Vodafone got enough shareholder approval for its acquisition of Germany’s largest cable operator
Vodafone has confirmed that it has gained enough votes for its acquisition of Kabel in Germany to proceed.
This comes after last minute concern that it might lack shareholder support, prompting speculation that the deal was in very real danger of collapse.
Vodafone told TechweekEurope that it has now received a 75 percent acceptance from Kabel Deutschland Holding shareholders.
“…The 75 percent minimum acceptance condition has been met. Vodafone will publish a final announcement with the definitive tender ratio on 16 September 2013,” the company said in an emailed statement.
And Vodafone said that those Kabel shareholders who had not accepted the offer within the acceptance period may still accept the offer by 30 September 2013.
“After completion of the Offer, Vodafone intends to initiate and pass a resolution at the general meeting of KDH shareholders with regard to the execution of a domination and profit and loss transfer agreement with KDH pursuant to sections 291 et seq. of the Stock Corporation Act,” Vodafone said.
The acceptance of the deal is a success for Vodafone’s management team, after last minute doubts that it might not gain the necessary shareholder support.
Vodafone had set a deadline of midnight on Wednesday to gain the 75 percent shareholder approval, but as of Tuesday morning, Vodafone only had 20 percent shareholder approval, up from 12 percent last Friday.
However in some acquisition transactions, shareholders wait until the last possible moment before giving their blessing, in the hopes that a rival bid will emerge. Yet in this deal Vodafone also had to contend with Elliott Capital, a US hedge fund led by Paul Singer. Singer was reportedly unhappy with Vodafone’s deal, and wanted the British operator to raise its offer.
Singer had raised his Kabel stake to 11 percent ahead of the Vodafone deal. It is not known at this time whether Singer has agreed to the deal, and reportedly under German law, Singer still has the option to sue Vodafone in order to extract a higher price.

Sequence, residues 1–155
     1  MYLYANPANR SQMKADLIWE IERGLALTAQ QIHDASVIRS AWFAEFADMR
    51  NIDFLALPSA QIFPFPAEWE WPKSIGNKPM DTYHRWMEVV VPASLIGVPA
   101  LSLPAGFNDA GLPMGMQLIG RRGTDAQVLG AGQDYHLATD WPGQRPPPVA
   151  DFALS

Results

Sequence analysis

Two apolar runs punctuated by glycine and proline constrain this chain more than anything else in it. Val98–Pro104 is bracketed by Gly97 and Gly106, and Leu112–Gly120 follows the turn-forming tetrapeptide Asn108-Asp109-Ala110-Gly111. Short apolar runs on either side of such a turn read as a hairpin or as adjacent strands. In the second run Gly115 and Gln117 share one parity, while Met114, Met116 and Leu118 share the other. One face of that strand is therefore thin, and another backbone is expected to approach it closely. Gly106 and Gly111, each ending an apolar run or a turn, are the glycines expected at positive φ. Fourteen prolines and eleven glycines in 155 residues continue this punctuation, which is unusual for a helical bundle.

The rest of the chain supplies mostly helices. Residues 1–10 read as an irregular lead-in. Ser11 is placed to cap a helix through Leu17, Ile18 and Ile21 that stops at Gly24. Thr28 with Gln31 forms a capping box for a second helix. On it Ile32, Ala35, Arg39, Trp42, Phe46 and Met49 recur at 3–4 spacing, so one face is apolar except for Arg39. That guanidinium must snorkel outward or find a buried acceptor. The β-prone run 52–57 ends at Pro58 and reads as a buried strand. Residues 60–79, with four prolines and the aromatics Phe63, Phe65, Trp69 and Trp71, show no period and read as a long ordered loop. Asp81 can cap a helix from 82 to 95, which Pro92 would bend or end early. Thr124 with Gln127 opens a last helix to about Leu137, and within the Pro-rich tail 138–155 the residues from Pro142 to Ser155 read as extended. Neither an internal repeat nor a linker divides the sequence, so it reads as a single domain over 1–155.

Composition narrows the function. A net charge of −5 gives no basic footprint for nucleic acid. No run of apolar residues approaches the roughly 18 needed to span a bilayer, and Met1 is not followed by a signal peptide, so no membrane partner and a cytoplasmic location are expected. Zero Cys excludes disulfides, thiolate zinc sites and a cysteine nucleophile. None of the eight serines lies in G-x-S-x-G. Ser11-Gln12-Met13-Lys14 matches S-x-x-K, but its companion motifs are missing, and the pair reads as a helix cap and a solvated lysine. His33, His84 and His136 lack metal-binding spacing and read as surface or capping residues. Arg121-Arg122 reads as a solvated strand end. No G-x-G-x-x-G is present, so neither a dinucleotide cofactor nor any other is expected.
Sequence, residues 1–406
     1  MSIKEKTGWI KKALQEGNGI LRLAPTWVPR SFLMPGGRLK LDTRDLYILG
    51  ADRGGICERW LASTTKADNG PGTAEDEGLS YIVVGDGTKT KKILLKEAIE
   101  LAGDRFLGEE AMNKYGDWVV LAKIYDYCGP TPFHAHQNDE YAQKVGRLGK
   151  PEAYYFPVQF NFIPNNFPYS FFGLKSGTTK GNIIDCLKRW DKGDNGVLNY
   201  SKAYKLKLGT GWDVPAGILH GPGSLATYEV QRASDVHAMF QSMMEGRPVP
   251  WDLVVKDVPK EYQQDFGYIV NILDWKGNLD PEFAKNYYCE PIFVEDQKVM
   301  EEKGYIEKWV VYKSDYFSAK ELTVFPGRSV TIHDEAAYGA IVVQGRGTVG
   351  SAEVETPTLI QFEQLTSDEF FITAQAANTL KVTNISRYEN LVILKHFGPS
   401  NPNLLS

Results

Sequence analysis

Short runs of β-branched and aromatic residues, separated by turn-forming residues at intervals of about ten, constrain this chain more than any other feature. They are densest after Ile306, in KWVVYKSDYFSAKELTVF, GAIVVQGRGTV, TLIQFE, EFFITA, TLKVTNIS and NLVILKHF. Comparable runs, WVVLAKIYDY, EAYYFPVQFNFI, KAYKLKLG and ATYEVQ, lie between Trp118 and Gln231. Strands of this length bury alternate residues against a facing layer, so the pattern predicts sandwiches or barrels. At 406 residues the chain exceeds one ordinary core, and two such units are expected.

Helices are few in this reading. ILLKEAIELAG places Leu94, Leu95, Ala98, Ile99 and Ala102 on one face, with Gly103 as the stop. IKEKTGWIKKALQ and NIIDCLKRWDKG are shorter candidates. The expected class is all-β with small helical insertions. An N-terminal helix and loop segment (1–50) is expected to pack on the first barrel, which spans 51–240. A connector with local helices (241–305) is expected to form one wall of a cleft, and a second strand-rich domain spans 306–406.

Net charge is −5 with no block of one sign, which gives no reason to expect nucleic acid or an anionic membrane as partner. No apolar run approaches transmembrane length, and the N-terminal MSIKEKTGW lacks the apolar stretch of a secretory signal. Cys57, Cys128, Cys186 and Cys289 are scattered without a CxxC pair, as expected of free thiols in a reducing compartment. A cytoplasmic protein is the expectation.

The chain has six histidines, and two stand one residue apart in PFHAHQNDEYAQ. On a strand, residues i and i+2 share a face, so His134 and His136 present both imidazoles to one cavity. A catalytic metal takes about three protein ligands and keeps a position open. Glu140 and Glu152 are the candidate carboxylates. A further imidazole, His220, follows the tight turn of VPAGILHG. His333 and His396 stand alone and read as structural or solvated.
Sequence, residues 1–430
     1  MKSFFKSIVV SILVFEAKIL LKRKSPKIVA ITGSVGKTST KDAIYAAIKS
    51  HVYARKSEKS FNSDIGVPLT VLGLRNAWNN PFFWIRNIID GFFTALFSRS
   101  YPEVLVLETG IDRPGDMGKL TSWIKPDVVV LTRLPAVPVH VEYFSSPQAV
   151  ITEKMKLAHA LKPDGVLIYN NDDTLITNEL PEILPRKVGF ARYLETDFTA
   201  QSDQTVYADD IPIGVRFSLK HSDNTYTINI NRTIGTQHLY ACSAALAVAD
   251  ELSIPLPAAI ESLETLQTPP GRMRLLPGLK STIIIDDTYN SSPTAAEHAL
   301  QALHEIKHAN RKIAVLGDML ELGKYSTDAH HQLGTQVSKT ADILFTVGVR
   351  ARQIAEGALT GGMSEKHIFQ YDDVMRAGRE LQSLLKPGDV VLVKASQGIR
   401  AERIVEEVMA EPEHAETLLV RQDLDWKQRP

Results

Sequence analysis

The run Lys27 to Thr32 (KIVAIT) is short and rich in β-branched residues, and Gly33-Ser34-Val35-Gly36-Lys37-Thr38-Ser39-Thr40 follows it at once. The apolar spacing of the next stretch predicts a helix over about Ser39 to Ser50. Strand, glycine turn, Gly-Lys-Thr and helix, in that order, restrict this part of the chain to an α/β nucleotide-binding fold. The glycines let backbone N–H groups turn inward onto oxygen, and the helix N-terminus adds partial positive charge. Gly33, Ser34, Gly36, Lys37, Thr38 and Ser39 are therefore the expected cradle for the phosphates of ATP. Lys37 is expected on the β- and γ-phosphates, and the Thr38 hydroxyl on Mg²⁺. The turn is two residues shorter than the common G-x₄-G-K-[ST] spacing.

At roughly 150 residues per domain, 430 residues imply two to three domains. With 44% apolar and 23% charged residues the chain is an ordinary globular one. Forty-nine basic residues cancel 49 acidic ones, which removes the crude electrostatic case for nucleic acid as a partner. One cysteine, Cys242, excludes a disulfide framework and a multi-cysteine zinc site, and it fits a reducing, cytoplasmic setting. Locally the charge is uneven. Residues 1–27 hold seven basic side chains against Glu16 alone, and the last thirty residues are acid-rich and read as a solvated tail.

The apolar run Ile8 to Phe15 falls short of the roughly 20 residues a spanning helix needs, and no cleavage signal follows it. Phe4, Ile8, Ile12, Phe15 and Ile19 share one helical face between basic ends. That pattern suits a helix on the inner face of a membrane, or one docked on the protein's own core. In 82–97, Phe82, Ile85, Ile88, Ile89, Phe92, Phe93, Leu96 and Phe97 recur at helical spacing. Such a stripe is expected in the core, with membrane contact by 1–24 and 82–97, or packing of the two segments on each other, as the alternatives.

Quad play And backhaul
Vodafone first confirmed its interest in Kabel back in early June. And then later that same month, it was announced that it had beaten off its rival Liberty Global, which was unable to match Vodafone’s offer of €7.7 billion (£6.6bn) for the cable operator.
The deal, once it is completed, should grow Vodafone’s customer base by 8.5 million and give it the necessary infrastructure and networks to offer a so-called “quad-play” service in Germany, including mobile phone, home broadband, home telephone and television, all from a single provider.
Despite its struggles in the highly-competitive German market, Vodafone is looking to ramp up its service offerings in the country, and the Kabel deal would allow it to acquire its own backhaul capability in that market.
It did a similar thing in the UK last year after it acquired the struggling UK telecoms company Cable & Wireless Worldwide (C&WW) for £1 billion.
Kabel was founded as a spin-off from Deutsche Telecom in 1999, and is the largest cable television operator in Germany. It offers around 100 Pay TV channels, fibre broadband and landline phone services.
What do you know about tech stocks and shares? Try our quiz!